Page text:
Conserving wetlands for well-being

Danial Norjidi

A whole-of-community approach is needed to manage and conserve wetlands ecosystems, said ASEAN Centre for Biodiversity (ACB) Executive Director Dr Theresa Mundita S Lim.

The World Wetlands Day falls on February 2, and marks the date of the adoption of the Ramsar Convention on Wetlands, a treaty ratified by 170 countries to protect wetlands and promote their wise use, Dr Lim said in a press statement.

This year’s theme – ‘Wetlands and Water’ – puts a spotlight on the vital role of wetlands ecosystems in everyday lives and well-being, particularly in meeting water needs.

“Access to clean water has always been a concern across the globe,” said the executive director. “The COVID-19 pandemic makes this issue even more timely as clean water is necessary for ensuring proper hygiene, public health, and safety.”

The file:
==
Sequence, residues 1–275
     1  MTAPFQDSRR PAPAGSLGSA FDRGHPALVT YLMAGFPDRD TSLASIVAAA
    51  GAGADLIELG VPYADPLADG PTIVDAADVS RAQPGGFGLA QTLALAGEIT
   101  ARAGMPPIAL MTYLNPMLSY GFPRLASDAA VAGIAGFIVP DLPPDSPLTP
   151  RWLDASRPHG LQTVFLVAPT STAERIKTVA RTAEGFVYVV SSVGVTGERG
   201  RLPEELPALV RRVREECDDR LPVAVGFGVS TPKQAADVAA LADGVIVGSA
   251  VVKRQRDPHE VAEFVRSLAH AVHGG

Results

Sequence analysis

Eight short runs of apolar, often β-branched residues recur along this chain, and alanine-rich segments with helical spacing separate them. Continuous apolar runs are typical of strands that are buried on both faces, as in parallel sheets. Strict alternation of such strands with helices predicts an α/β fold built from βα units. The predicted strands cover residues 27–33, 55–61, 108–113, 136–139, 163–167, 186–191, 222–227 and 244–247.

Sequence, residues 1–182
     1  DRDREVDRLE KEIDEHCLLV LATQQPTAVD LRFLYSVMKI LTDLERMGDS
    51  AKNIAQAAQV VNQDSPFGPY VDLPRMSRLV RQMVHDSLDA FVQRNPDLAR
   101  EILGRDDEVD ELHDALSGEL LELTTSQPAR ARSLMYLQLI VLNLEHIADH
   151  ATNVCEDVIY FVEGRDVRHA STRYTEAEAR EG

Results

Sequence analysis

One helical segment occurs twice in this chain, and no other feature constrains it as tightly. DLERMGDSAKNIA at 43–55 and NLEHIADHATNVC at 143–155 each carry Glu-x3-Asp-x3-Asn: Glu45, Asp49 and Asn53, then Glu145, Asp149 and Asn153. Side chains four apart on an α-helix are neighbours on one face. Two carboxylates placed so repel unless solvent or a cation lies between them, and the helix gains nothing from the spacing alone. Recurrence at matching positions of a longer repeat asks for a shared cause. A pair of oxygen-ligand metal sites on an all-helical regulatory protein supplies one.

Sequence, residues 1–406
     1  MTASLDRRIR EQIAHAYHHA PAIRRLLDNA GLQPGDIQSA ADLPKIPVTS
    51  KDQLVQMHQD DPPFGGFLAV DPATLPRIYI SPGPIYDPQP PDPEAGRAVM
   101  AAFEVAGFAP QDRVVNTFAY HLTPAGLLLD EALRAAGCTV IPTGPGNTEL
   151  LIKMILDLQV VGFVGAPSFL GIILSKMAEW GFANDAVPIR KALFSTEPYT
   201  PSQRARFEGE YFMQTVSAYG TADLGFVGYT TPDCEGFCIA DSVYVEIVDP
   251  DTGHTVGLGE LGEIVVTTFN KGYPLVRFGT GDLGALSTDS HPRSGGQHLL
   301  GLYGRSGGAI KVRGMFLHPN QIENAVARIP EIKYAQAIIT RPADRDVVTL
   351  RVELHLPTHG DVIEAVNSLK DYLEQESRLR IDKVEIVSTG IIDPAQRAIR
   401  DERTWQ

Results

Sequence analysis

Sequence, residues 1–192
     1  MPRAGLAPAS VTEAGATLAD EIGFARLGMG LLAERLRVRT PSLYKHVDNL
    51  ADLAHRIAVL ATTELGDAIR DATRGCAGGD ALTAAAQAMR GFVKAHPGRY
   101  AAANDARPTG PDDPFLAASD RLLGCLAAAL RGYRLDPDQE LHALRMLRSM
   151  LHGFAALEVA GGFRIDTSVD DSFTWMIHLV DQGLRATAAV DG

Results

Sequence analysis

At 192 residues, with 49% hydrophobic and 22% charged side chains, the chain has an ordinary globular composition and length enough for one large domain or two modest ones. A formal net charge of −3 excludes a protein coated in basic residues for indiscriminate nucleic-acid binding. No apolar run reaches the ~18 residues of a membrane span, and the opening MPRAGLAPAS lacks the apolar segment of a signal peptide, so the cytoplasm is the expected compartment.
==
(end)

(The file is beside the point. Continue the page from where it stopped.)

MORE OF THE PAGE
Dr Lim shared the World Health Organization report released in December 2020 that 1.8 billion people in the world lacked basic water services in health care facilities. The ASEAN region, on the other hand, is keeping up with the global aim of providing access to drinking water to all, with the average reaching 83.8 per cent of the population in 2018, according to the ASEAN Sustainable Development Goals Indicators Baseline Report 2020.

“It remains concerning, however, that millions of people are still without access to clean and safe water, and the threat of water insecurity still looms. This is worsened by extreme weather conditions brought about by climate change, such as prolonged dry season resulting in drought and water shortage,” she said.